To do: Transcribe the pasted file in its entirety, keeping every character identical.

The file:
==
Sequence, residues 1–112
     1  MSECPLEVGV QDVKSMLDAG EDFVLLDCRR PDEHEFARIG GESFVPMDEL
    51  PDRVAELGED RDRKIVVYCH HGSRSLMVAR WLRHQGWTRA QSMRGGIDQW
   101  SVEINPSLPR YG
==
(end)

Sequence, residues 1–112
     1  MSECPLEVGV QDVKSMLDAG EDFVLLDCRR PDEHEFARIG GESFVPMDEL
    51  PDRVAELGED RDRKIVVYCH HGSRSLMVAR WLRHQGWTRA QSMRGGIDQW
   101  SVEINPSLPR YG